Every state has a set of science standards that are supposed to guide what is taught at different grade levels in their schools. Many of these are modeled after the national science standards put out by the NSTA. Do they make a difference to what is actually taught in classes? An article by James Bandoli in American Biology Teacher looks at that question.
Bandoli focused on the politically charged topic of evolution, and compared two nearby states, one of which had evolution prominently written into the standards, the other of which did not. It made no difference. In both states,high school biology teachers spent less than a week covering evolution in their classes, and almost 1/2 discussed both creation “science” and evolution together. Both states had many teachers that did not mention evolution at all. It doesn’t seem the teachers were paying much attention to their own state standards, at least on this topic. For comparison, he looked at a couple of other areas of biology (cell and genetics) and found, again, that teachers in both states were spending about the same amount of time on each of those.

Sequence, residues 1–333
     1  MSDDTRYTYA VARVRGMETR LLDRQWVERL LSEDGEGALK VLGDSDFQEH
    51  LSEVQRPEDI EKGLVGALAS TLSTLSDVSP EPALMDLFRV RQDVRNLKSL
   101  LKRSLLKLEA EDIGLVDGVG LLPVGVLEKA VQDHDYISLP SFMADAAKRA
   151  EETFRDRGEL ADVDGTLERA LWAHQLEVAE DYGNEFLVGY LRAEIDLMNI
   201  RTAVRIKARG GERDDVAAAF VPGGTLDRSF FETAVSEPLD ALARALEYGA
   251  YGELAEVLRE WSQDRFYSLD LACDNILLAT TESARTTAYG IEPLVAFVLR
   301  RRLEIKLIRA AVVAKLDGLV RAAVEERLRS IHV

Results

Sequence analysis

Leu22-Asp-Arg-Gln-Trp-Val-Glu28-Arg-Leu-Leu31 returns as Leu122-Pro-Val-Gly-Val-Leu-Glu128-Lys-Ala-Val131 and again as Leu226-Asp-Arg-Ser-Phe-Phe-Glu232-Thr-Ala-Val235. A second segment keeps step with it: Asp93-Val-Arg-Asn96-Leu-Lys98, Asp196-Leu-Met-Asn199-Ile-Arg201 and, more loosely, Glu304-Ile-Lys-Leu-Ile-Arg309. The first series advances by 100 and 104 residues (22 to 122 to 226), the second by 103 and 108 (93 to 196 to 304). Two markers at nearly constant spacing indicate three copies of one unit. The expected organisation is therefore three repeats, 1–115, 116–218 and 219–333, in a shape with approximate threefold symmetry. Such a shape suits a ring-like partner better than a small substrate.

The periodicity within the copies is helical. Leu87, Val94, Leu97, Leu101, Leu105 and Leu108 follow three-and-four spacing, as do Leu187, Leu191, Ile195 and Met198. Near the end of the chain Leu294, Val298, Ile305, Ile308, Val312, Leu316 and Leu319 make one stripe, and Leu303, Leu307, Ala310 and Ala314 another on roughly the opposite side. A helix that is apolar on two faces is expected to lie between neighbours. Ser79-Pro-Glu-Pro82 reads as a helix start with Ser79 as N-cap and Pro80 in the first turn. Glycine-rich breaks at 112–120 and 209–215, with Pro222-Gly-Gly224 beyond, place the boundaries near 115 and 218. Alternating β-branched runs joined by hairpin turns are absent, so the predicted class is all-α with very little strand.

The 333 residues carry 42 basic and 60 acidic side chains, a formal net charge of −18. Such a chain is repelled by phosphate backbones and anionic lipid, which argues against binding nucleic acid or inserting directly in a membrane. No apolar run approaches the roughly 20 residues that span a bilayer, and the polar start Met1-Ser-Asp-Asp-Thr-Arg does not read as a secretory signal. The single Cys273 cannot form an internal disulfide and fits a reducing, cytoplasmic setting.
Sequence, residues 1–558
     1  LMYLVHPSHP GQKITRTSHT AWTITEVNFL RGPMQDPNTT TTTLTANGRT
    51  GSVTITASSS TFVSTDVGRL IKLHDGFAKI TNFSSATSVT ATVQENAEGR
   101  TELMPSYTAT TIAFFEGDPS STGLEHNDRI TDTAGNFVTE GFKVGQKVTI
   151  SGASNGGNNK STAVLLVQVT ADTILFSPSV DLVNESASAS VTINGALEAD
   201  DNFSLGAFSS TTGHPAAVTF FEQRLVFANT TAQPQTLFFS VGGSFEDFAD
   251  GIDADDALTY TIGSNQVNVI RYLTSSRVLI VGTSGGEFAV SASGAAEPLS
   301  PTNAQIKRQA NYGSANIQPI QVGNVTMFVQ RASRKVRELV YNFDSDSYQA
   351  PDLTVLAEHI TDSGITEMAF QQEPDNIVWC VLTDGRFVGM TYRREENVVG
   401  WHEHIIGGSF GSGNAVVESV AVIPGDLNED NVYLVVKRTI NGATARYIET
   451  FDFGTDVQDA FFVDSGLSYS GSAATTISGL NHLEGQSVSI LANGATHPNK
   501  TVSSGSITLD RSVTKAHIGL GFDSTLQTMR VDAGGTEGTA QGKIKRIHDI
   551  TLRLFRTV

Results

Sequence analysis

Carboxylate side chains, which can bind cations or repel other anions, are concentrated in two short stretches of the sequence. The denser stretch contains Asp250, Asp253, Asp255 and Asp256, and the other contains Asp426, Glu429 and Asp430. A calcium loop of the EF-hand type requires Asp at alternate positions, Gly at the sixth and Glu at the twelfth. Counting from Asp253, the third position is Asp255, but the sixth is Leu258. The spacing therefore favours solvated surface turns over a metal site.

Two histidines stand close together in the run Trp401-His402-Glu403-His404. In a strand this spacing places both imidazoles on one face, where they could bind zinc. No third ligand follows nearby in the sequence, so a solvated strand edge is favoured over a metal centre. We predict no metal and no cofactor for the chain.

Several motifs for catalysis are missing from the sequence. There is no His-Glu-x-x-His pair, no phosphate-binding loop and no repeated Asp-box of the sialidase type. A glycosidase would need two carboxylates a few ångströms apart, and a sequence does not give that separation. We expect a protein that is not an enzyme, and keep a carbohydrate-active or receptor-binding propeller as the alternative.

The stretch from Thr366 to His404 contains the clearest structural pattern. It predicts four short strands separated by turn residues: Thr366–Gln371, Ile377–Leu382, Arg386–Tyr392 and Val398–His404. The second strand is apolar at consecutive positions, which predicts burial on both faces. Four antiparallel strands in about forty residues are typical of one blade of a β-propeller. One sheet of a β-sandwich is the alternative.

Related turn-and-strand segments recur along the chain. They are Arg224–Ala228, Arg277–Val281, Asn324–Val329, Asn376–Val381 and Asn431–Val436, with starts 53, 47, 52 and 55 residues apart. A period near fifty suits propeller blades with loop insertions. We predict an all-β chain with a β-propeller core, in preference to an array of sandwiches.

From a curriculum developers perspective, this is interesting because we (and other authors) try to align our products to the state science standards. We use those as the blueprint of what the teachers need to teach. But if teachers are not actually paying close attention to the standards, perhaps that’s the wrong target? The topic of evolution has complicating political factors, of course, and likely much of the findings are related to those politics. But for teachers whose own political opinion on evolution is not directly preventing them from teaching it, one possibility for why they ignore the standards is that they are paying more attention to tests. Questions about evolution were not on either state’s tests. Another possibility is that teachers tend to favor topics where they have good teaching tools. With evolution, in addition to the politics, these teachers may not have the knowledge or tools to teach it well, and so they give it short shrift. I’d like to think that for at least some of those teachers, if they had our Darwinian Snails or our Evolutionary Evidence virtual biology labs, that would have helped increase their time and enthusiasm on the topic.